One of the best methodologies available to promote your business is called inbound marketing.

    Inbound marketing is a methodology that engages your ideal customer at each stage of the process they embark upon to purchase the right products or services for their needs (known as a buyer’s journey). It brings your potential customers directly to you, rather than you going to them—and even better, they’re the customers most likely to purchase from you in the first place. 


    Using an inbound marketing strategy, you create customized, targeted content for your ideal customer that meets their precise needs at each stage of the buyer’s journey

    Inbound marketing content should be highly relevant, genuinely helpful, and valuable—so valuable, in fact, that your prospective customers are willing to give you their contact information so they can hear even more from you directly. It’s an action that says, “I trust you as an authority on this subject.”

    Once you have a customer’s contact information, you can move them into an inbound sales funnel, through which you can nurture your prospective customer through the buyer’s journey. 


    The content you should create for your sales funnel should help your customers identify their problem, consider available solutions, answer their questions, and address their objections.  

    The goal is that, by the time they reach the end of the process, they should be primed so thoroughly that converting to a sale by purchasing your products or services is simply the clear and only logical next step. 

    landscape business marketing


    How to Market Your Landscape Business: 6 Essentials for 2020 - This article will help you cut through with the essential list of high-level steps to succeed in growing your landscaping business with marketing. #landscape #businessowner #MarketingStrategy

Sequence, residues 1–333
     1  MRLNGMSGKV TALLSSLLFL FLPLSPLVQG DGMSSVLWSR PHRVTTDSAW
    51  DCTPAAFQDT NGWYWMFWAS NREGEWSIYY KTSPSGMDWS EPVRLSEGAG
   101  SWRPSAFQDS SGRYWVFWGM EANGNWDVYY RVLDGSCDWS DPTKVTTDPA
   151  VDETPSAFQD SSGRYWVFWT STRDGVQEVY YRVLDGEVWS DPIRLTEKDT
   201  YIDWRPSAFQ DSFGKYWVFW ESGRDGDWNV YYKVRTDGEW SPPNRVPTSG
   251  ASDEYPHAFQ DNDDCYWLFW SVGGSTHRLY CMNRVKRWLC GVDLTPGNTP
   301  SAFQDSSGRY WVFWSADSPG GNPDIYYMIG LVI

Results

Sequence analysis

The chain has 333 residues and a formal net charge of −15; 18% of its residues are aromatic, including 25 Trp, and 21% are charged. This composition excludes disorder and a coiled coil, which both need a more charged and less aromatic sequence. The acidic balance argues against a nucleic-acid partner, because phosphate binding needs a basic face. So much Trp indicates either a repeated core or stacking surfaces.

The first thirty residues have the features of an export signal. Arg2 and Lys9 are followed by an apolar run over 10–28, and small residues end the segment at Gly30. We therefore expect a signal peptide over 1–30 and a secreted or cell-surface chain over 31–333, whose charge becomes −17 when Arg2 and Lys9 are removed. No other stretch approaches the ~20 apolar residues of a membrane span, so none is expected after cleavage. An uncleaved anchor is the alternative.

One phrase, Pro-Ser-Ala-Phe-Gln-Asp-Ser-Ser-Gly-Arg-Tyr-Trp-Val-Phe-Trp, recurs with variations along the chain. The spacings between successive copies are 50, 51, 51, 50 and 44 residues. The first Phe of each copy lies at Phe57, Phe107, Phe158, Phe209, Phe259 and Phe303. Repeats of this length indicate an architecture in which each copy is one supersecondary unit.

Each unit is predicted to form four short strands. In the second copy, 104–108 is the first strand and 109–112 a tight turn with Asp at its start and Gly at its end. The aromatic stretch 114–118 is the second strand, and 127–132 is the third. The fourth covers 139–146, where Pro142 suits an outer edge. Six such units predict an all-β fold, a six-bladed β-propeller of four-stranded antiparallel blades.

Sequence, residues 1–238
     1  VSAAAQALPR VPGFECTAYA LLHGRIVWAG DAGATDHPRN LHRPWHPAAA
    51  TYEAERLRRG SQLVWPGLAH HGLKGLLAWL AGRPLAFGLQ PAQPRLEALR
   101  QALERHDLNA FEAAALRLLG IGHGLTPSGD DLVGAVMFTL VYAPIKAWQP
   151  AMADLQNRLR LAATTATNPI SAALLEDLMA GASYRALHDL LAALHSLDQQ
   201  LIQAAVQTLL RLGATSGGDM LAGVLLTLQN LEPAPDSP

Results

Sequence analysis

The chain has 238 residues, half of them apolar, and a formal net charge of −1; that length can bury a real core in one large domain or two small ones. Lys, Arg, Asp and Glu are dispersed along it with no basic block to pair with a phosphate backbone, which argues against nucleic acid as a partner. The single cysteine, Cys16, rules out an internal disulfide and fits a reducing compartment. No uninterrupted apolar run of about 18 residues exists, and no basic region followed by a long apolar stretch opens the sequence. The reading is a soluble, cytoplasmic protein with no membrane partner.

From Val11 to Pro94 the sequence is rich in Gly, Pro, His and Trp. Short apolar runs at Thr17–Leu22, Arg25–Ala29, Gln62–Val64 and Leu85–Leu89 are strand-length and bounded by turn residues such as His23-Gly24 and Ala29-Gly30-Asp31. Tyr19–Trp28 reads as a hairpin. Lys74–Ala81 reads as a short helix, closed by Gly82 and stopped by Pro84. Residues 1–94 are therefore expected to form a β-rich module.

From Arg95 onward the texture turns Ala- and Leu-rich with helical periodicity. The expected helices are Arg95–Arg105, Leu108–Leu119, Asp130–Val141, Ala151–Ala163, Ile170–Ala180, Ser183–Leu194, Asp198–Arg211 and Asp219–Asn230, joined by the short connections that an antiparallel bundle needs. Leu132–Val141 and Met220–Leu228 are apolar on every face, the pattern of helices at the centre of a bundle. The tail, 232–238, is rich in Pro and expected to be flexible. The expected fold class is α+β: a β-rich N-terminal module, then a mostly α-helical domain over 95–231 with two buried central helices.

VIA @dorecchio

    6. Marketing Automation

    Marketing automation is the linchpin of any inbound marketing strategy—you simply can’t do it without one. 

    So what is marketing automation, exactly? 

    Marketing automation uses technology to perform certain marketing activities automatically. It ensures that your business can generate highly targeted leads 24/7, 365 days a year—long beyond your initial financial and time investment. It enables you to automate all of the elements of digital marketing; email marketing, social media, website hosting, website forms, landing pages, live chat, chatbots, popup forms, SEO, analytics and more. 

    This diagram shows how you might use marketing automation to share information at each stage of their journey for information and automatically nurture contacts to the next stage until they are ready to speak to your sales person. It's a real time saver and it lets you respond instantly to prospects. 


    For a practical example of marketing automation at work, let’s say you offer your prospective customers a free ebook if they share their email address with you. When a customer submits their contact information in exchange for the ebook, you can be sure they want it at the exact moment they request it—even if it’s at midnight on a Saturday. 

    In addition, marketing automation doesn’t benefit just the customer. Marketing automation will help you streamline your marketing activities behind the scenes of your business, freeing up both time and resources. 

    For a marketing automation tool, we recommend HubSpot

    Request a HubSpot Demonstration

    The Bottom Line

    Before starting any marketing plan for your landscaping business, you want to make sure your foundation is strong—and this list of marketing essentials is a great place to start. Once you've put them into practice, you'll be well on your way to an efficient, effective, and sound marketing strategy that makes your business stand out from competitors. 

    Next Steps

    Are you ready to start putting these essentials into practice in your own landscaping business? We'll help you learn how to grow sales, even out the seasonal ups and downs of a landscape business, and grow strategically. Request a call to learn more.